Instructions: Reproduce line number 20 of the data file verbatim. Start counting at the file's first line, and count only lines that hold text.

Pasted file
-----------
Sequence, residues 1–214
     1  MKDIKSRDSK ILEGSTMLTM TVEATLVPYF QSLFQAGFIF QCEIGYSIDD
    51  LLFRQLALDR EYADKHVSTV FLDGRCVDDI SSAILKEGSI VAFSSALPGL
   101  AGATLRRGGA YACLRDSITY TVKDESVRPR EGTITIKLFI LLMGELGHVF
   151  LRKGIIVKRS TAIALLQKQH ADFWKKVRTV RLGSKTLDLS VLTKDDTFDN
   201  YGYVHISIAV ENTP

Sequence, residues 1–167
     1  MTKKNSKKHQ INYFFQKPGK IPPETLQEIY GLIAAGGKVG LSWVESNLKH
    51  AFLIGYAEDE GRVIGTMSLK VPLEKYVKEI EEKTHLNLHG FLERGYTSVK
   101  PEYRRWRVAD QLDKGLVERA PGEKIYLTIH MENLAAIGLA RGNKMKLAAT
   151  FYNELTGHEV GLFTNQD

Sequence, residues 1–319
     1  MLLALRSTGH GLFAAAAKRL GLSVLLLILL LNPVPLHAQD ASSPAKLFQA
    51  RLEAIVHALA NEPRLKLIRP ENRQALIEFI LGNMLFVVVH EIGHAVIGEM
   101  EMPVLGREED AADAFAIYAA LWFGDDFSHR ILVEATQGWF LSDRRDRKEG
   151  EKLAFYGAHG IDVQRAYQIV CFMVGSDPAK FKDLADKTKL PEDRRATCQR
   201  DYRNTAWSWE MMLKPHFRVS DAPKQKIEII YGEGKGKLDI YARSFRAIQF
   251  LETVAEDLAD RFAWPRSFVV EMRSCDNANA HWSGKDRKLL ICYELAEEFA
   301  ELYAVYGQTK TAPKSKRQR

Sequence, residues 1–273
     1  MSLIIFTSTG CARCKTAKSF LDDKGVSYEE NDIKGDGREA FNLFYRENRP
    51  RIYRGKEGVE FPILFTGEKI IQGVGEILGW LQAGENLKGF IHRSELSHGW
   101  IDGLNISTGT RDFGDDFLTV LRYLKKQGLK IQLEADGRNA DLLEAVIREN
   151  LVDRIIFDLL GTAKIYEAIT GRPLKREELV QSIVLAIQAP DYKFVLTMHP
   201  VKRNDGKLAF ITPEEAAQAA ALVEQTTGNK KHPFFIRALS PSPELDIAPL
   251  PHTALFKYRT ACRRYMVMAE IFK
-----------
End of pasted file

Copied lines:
Sequence, residues 1–273